A Letter Re: History Education in U.S. Schools

All of us are tied inextricably to our origins. As a young woman of mixed Chinese and White descent, who grew up in the liberal, wealthy, immigrant population of Bellevue, Washington, I cannot separate myself from where I am from or how I grew up. I must recognize my privilege and reject the possibility that I might approach anything from a perspective that is free of bias. This is Adrienne Rich’s argument in “Notes toward a Politics of Location.” Rich argues that one’s personal life experience and identity cannot be discarded to entertain other perspectives. In fact, one’s political perspectives are always informed by social, political, and geographical location. Everyone comes with a particular background or location from which they view the world. No one is blessed with an objective or unbiased lens that is free of blemishes.

Throughout my time in this class, I have reflected on my background and education. I come from a very liberal community, where we read books and learned about things that students in many parts of the United States are not usually taught. Even so, I have been forced to reckon with the realization that my education, especially in learning about U.S. History, was very white-centric. I never learned about the racist beliefs of Elizabeth Cady Stanton, or the history of identity politics that go back to the Combahee River Collective. I had learned about the Black Panther Party in passing, as a sort of militant group that really did not play a huge role in the civil rights movement. I never learned about the role of the FBI or the CIA in trying to limit the political power of black leaders during the civil rights era. I even wrote a research paper on the feminist movement towards passing the Equal Rights Amendment in the 70s, and never once learned about any of the Black feminist movements or considered that a reason for the failure of the Equal Rights Amendment was not simply because of conservative forces, but also because the mainstream feminist movement failed to represent women of color or different beliefs or abilities. Now, I think I am growing just as Adrienne Rich described in her piece, “Notes toward a Politics of Location.” As I learn more and realize my privilege as well as ignorance, I am more able to understand my individual location in politics and to reassess my long-standing beliefs.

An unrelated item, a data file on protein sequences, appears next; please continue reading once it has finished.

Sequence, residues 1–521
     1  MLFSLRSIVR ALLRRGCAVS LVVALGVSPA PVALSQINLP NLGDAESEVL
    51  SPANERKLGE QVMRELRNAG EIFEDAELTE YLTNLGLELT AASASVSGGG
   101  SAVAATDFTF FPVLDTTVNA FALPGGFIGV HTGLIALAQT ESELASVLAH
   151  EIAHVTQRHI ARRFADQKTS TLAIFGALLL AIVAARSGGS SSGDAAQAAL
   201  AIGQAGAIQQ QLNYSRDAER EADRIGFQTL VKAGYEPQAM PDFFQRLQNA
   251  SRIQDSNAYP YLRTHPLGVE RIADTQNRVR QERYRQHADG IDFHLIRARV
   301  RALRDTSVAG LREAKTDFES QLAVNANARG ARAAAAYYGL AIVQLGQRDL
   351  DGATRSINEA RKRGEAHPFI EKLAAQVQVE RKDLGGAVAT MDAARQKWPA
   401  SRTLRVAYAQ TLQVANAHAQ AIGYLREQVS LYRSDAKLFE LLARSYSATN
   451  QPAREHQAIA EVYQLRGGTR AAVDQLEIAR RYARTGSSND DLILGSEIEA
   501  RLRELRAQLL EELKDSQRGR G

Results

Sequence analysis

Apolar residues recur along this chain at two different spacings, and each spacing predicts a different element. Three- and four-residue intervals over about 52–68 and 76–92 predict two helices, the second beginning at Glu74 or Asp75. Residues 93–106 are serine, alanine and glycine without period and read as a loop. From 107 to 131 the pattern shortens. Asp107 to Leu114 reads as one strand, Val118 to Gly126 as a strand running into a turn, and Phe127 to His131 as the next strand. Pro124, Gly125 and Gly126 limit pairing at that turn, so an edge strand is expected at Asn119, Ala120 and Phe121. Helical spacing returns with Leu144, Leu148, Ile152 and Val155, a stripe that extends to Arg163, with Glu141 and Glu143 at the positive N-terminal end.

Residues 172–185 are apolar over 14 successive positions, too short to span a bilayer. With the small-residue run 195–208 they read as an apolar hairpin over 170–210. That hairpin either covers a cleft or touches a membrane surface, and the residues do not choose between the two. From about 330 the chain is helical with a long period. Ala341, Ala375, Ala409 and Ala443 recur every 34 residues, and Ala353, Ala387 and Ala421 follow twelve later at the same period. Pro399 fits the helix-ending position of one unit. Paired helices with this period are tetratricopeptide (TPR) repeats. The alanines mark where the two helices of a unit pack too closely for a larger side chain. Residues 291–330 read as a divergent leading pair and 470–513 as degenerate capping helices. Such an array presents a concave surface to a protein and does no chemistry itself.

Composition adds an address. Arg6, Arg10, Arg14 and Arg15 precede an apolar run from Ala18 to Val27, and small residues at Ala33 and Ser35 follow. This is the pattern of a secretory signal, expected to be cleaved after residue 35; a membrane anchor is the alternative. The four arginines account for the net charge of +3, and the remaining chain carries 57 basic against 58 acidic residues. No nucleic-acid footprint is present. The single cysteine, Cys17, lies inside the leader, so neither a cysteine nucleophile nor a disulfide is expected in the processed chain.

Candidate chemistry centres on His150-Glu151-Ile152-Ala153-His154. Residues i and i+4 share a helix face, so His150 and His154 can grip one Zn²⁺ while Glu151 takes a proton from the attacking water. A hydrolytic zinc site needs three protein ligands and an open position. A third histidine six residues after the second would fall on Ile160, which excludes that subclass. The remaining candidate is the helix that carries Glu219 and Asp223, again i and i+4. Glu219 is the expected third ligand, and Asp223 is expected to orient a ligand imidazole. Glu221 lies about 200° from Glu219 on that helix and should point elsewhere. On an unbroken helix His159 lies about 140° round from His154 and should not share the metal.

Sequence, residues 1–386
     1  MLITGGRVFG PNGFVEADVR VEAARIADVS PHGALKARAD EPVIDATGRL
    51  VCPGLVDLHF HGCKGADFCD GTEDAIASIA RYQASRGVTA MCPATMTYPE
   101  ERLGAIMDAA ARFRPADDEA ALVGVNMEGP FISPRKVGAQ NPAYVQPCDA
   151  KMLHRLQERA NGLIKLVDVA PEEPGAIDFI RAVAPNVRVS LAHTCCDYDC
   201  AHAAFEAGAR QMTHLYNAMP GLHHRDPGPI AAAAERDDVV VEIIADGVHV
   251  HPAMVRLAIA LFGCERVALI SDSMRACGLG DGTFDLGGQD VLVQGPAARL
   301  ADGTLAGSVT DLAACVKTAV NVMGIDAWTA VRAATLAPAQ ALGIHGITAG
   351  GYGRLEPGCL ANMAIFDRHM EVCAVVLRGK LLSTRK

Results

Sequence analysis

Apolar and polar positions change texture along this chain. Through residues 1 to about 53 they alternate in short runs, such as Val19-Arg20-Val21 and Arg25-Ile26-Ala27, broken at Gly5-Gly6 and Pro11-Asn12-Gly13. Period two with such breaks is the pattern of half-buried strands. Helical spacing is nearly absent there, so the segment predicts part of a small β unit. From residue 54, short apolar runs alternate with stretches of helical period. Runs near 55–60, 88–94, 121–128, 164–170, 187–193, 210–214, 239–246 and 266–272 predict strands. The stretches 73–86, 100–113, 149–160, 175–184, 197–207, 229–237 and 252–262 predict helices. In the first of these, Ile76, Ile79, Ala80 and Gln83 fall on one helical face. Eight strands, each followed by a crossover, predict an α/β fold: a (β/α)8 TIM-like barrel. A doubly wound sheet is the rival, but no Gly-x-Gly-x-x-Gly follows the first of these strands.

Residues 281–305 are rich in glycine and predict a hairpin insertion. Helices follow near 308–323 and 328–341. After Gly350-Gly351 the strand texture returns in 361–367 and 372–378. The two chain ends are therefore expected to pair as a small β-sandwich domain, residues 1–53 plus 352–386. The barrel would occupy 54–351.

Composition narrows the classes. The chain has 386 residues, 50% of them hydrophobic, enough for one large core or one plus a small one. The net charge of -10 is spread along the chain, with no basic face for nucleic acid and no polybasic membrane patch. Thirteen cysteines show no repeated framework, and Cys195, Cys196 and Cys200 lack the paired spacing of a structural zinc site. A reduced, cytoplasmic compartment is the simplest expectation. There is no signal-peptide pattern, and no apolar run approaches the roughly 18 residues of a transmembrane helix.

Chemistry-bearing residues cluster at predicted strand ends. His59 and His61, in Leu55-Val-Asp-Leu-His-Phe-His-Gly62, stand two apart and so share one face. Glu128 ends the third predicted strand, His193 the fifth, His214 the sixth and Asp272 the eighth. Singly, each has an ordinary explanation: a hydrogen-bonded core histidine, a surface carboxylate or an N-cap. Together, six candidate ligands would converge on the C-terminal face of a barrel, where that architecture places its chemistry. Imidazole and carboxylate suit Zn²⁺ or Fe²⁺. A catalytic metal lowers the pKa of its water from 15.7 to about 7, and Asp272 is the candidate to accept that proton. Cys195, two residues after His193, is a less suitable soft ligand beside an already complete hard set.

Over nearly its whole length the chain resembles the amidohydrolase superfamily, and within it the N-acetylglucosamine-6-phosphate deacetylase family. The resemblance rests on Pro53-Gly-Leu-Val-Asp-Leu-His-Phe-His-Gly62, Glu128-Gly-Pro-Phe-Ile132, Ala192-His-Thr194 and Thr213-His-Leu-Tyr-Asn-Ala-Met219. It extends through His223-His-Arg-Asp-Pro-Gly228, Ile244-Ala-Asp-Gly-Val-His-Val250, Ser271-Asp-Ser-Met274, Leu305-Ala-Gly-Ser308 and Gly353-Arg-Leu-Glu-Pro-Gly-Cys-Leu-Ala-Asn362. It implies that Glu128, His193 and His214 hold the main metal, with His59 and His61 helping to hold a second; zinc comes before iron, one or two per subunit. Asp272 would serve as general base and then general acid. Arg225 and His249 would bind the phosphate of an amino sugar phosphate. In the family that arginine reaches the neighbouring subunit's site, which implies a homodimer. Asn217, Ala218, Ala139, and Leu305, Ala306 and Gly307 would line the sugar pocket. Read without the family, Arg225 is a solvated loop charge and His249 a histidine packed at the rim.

Note: The following letter is my creative project. I have chosen to write a letter to the College Board, which dictates much of the educational curricula for high-achieving students throughout the U.S..

Excerpt from AP Equity and Access Policy: College Board strongly encourages educators to make equitable access a guiding principle for their AP programs by giving all willing and academically prepared students the opportunity to participate in AP. We encourage the elimination of barriers that restrict access to AP for students from ethnic, racial, and socioeconomic groups that have been traditionally underrepresented. Schools should make every effort to ensure their AP classes reflect the diversity of their student population. College Board also believes that all students should have access to academically challenging coursework before they enroll in AP classes, which can prepare them for AP success. It is only through a commitment to equitable preparation and access that true equity and excellence can be achieved.

Dear College Board,

        I write you this letter today to highlight an opportunity to contribute to the growing call for equity in a more meaningful and impactful way. The above policy for equity and access is performative and superficial if the curricula of AP classes fail to reflect a diversity in backgrounds and perspectives.